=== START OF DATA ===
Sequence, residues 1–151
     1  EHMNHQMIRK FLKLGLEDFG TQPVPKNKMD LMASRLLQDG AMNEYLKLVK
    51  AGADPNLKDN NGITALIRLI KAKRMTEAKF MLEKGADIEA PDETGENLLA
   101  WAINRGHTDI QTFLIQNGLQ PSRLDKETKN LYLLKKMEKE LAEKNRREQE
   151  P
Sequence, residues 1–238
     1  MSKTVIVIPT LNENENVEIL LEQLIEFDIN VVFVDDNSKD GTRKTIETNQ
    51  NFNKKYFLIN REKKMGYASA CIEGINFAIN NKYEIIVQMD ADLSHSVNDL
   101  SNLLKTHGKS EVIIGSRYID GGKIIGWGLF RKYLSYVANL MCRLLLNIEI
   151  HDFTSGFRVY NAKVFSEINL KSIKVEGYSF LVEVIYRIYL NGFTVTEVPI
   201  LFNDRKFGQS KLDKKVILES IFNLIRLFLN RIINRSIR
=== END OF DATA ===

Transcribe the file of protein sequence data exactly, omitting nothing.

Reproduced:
Sequence, residues 1–151
     1  EHMNHQMIRK FLKLGLEDFG TQPVPKNKMD LMASRLLQDG AMNEYLKLVK
    51  AGADPNLKDN NGITALIRLI KAKRMTEAKF MLEKGADIEA PDETGENLLA
   101  WAINRGHTDI QTFLIQNGLQ PSRLDKETKN LYLLKKMEKE LAEKNRREQE
   151  P
Sequence, residues 1–238
     1  MSKTVIVIPT LNENENVEIL LEQLIEFDIN VVFVDDNSKD GTRKTIETNQ
    51  NFNKKYFLIN REKKMGYASA CIEGINFAIN NKYEIIVQMD ADLSHSVNDL
   101  SNLLKTHGKS EVIIGSRYID GGKIIGWGLF RKYLSYVANL MCRLLLNIEI
   151  HDFTSGFRVY NAKVFSEINL KSIKVEGYSF LVEVIYRIYL NGFTVTEVPI
   201  LFNDRKFGQS KLDKKVILES IFNLIRLFLN RIINRSIR